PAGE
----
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Navadurga Jatra of Bhaktapur | Dances of tantric goddess

Navadurga Jatra is an indigenous festival of Bhaktapur which is basically the mask dance ceremony of the nine Durgas. The nine forms of Durga are said to be the demonic representation of manifestations of Parvati, the shakti of Shiva in the tantric tradition.

In Navadurga Jatra, thirteen masks participate in the mask dance ceremony among which seven represent Durgas. The seven representation of Durga includes Mahakali, Kumari, Barahi, Bramhayani, Maheswori, Vaishnavi, and Indrani. The remaining two forms of Durga: Mahalaxmi and Tripura Sundari are not visually represented to the public. The remaining six masks represent Shiva, Ganesha, Bhairav, and Seti Bhairav and the guardians’ Sima and Duma. The mask of Shiva is carried by Ganesha. Sima and Duma, considered to be bodyguards of Shiva, are regarded as messengers of death. It is considered an omen if caught by them during Nya lakegu , The spiritual game with gods.

THE STORY BEHIND THE MASKS

The mask maker of Bhaktapur

Each year, a month before Dashain, The mask makers from the Chitrakar caste start making the mask. The elders from the Prajapati caste guide them for the proper clay used for making the masks. The masks are beautifully drawn and painted. The crowns used in Navadurga masks are made and repaired by the Tamrakar caste. The task has been given to a special group of people who have been doing it for generations.

On the first day of Dashain, these beautifully crafted masks are exhibited in Ya Che. The masks are said to be given life by the priest of Taleju by the magic of tantric vidya ta late at night. After that, these masks are taken to their own temple where they are displayed until the final ceremony.

Photo stories of Navadurga Dance ceremonies and characters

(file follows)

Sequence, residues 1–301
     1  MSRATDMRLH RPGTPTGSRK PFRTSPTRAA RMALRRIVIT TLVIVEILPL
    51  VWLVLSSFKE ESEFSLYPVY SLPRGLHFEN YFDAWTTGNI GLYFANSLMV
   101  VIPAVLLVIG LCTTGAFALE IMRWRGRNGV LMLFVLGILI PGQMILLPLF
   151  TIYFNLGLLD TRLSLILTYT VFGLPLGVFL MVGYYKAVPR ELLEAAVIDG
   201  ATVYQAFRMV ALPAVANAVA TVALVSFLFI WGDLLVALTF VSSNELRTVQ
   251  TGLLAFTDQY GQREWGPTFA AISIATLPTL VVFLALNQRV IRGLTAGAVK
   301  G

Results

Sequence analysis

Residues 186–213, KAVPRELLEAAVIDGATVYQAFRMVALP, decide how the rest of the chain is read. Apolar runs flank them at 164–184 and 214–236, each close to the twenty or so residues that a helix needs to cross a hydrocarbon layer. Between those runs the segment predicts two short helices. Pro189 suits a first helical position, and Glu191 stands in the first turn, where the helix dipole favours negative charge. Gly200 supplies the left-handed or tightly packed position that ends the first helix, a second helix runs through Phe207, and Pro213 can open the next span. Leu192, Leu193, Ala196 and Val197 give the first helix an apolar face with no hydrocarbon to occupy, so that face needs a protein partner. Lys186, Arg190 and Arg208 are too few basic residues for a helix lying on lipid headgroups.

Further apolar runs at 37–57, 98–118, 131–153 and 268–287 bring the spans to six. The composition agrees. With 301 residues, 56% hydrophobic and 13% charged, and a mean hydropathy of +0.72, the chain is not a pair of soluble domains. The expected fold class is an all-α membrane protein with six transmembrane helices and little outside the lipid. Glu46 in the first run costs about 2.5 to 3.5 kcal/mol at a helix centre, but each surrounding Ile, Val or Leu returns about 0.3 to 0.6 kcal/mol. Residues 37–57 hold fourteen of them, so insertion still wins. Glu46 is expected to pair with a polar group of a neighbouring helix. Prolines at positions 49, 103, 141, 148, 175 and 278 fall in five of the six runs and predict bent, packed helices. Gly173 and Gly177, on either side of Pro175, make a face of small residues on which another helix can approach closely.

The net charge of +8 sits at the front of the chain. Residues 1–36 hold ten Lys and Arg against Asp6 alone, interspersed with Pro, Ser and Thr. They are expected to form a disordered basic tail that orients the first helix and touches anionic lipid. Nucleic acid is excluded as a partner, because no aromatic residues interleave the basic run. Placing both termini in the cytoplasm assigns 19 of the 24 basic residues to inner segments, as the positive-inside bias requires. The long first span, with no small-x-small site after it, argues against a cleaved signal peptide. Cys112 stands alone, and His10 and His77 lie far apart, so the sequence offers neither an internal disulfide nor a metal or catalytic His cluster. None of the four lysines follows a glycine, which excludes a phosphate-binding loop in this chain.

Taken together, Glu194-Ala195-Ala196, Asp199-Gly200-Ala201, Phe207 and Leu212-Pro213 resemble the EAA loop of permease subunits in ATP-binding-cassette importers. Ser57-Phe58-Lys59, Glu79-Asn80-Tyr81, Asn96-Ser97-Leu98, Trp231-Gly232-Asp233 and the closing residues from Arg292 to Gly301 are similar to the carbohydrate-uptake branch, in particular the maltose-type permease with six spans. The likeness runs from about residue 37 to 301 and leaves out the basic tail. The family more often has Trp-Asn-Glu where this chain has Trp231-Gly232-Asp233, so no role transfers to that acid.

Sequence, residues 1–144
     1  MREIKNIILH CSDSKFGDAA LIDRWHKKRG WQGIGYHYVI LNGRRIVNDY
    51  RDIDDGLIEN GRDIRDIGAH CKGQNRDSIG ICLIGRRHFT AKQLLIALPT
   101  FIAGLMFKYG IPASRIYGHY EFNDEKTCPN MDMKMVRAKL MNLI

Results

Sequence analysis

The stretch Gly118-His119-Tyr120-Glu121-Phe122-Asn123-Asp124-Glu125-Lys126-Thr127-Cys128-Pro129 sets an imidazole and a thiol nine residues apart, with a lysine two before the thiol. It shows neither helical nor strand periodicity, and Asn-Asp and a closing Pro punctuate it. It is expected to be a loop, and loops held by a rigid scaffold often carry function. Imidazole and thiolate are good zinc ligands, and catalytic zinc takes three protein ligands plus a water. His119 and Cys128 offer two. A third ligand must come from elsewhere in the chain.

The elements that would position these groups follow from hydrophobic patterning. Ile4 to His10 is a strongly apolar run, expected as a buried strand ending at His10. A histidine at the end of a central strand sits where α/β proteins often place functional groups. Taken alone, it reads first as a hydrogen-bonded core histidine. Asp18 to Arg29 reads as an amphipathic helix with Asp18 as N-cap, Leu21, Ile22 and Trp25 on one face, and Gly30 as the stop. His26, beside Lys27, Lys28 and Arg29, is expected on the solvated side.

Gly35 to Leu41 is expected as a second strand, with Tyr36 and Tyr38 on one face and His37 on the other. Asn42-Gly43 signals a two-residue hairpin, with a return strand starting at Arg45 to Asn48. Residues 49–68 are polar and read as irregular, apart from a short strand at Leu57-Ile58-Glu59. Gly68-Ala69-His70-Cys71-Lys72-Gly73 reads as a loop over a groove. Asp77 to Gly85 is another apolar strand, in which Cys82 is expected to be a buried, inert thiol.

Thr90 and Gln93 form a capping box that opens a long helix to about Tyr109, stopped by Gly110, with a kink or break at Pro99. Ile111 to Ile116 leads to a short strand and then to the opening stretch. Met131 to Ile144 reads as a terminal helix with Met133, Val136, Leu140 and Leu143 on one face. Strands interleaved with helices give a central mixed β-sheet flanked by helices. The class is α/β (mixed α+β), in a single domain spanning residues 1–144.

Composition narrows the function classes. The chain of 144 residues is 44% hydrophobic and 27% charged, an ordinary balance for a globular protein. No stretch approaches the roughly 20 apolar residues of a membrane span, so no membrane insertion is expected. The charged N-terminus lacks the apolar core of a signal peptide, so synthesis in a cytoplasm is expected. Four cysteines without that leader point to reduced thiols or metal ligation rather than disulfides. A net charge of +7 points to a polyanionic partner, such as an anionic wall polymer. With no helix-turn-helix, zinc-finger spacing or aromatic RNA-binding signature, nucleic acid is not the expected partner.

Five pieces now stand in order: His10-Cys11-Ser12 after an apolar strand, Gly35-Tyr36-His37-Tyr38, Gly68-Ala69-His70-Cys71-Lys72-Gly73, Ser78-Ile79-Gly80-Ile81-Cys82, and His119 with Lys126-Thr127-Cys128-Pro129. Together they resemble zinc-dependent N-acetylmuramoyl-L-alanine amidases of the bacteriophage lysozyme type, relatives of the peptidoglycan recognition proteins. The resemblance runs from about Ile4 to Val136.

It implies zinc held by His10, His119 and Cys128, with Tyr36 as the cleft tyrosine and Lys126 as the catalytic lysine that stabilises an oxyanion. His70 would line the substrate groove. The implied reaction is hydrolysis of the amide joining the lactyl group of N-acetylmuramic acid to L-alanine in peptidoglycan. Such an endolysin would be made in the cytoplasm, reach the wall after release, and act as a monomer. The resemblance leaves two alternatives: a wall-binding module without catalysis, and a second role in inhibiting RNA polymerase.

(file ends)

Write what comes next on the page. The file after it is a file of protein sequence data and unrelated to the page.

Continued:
The masks and masks dancers are said to be possessed by the god. People worship the masks and mask dancer as the god. The dancers perform the first public dance of Navadurga in Susimeretol. The dances occur in different places until the last day when the Navadurga masks would be ritually burnt in Bhagasti near the Hanumante river. The ashes would be collected in a copper vessel which would be stored in a secret place until the month before Dashain. The ashes would be used to make a mask for next year.

THE MYTHOLOGICAL STORY BEHIND THE JATRA

According to the mythology, the Navadurga inhabited the forest Jwala near Bhaktapur’s way to Nala. The Navadurga captured, killed, and drunk the blood of the people who passed by that forest.

Sunanda, a priest who was an expert in tantric knowledge was able to bind the Navadurga, restricting their movement with the use of a mantra. He kept Navadurga under a spell and hid them secretly. They were under spell with the condition that no one could see them and if anyone else saw them, they would be free. One day, The wife of Sunanda, who was curious about them, noticed them, and the spell was broken. They escaped from the house and danced in the streets with joy.

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